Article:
Too little is known about the incredible story of the first woman to scale Mt Everest and the seven summits, the late Japanese mountaineer Junko Tabei. So we’re thrilled to share Junko’s story through the eyes of someone following in her footsteps – expedition leader and mountaineer Jo Bradshaw. Jo will share Junko’s story at our sociable talk and buffet in Bath in May and our Heritage of Women in Exploration conference in London in June. Here Jo gives us a taste of why we need to know more about “Adventure Champion” and unsung hero Junko Tabei, and how she’s inspired her own amazing journey to summit the world’s highest peaks.
Who was Junko Tabei and what makes her story so special?
Junko was a Japanese climber who was the first woman to summit Everest in 1975. Her drive and tenacity are quite outstanding given the era of her climbing and the barriers which she smashed down, all with good grace and humility.
Can you tell us about Junko’s character and what drove her to climb mountains?
Japanese culture seems to be one of huge respect to others (which we could all learn from!) and Junko’s respect and encouragement for others comes through in everything you read about her. She found climbing after she moved to Tokyo to go to university. She seemed to find solace in the mountains from the stresses of her studies, expectations of others and hectic city living. There is so much to tell about her drive, I will wait until the talk to tell you more!
And what about her background and family?
Junko was the youngest of seven children, five of who were girls. As the last to arrive, she later learned her father said “a girl again” as he was expecting a boy. Her family ran a printing company in a small town so life back then was very different to the one she chose to lead.
How hard was it for Junko to achieve the things she did as a woman?
It was very interesting when doing research about Junko that she had many of the same struggles that we often face today as women in this mode of adventure. Life really hasn’t moved on that much! She admits to being very fortunate to find a few great mentors, or champions as I like to call them. They pushed her skills and perceived limits and gave her the confidence and drive to go on to achieve the incredible things she did.
Jo, you’ve also climbed Everest and are on an incredible journey to scale the 7 summits too. Tell us more about your own journey.
I, like Junko, never thought I would climb any mountain but, unlike Junko, didn’t get into climbing and mountaineering until my 40th year so it’s been a steep learning-curve since then! I gradually changed my life from being a “no” saying, risk-averse sofa surfer to scaling the highest mountain on this planet! This happened over several years after giving up a life in the corporate world to work at an expedition company as well as learning to become an Expedition Leader. I went freelance in 2010 and really haven’t looked back from there. Still, Everest was never on my radar until 2014 when, after climbing Manaslu (Nepal, 8,156m) in September 2013, I truly believed I was capable of such an expedition.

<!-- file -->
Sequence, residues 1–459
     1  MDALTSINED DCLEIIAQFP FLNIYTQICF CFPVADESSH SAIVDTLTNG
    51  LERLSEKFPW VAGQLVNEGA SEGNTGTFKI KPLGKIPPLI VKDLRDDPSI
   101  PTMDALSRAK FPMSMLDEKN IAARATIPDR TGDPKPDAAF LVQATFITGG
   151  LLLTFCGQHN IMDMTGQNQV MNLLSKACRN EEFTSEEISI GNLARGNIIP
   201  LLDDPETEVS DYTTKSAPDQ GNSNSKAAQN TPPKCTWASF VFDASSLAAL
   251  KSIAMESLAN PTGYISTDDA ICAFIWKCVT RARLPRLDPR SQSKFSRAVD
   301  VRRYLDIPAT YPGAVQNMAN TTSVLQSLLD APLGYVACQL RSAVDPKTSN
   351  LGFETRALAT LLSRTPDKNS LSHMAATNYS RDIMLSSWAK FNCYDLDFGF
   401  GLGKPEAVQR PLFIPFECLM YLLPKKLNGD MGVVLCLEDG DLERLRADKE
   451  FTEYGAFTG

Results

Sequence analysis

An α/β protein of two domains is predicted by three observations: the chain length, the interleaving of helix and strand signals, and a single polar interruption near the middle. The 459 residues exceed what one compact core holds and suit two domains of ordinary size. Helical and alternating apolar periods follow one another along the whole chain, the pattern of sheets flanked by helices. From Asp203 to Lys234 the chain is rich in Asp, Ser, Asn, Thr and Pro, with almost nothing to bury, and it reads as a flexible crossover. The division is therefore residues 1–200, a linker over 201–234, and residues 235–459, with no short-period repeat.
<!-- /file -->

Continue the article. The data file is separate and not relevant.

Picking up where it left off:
How has learning about Junko and other mountaineers helped you along your way?
You sometimes feel that you are the only one going through certain situations but reading about the greats of our times and how they came to be on these mighty mountains, the struggles they had to find funding and to be taken seriously, it’s all really the same.
Like Junko, you’ve experienced a close encounter in the mountains in the form of an earthquake and avalanche. How hard has it been to carry on?
I never had any doubt that I wouldn’t continue to climb after being at Camp 1 on Everest when the earthquake stuck in Nepal three years ago, but at the time I thought our chances of going back to Everest were non-existent. Finding my mobile phone in the carnage that was our base camp was the turning point. My sponsor offered to fund another expedition and the rest is history! Emotionally 2015 was a very difficult year in the aftermath of the earthquake but in essence it has made me a stronger person with a more philosophical view of life.
What more can be done to encourage women into the mountains?
It needs to be more accessible to those who think they are not capable. I started from zero in my mid-30s in this life of adventure and never thought I was capable of doing any of it. Having Adventure Champions, which there are so many of, encourages others to give things a go. There is a great tide of positivity sweeping over us at the moment, we just need to harness it correctly!
Knowing what you do about Junko, what should be her legacy?
Even when people say no or doubt you, if you feel that you can and are capable, then do.
Join us to hear Jo tell Junko’s story at a small sociable event at Bonghy-Bo Cafe-Bar in Bath on May 11. Jo will also be speaking on Junko at our Heritage Of Women in Exploration conference at RGS in London on 21 June.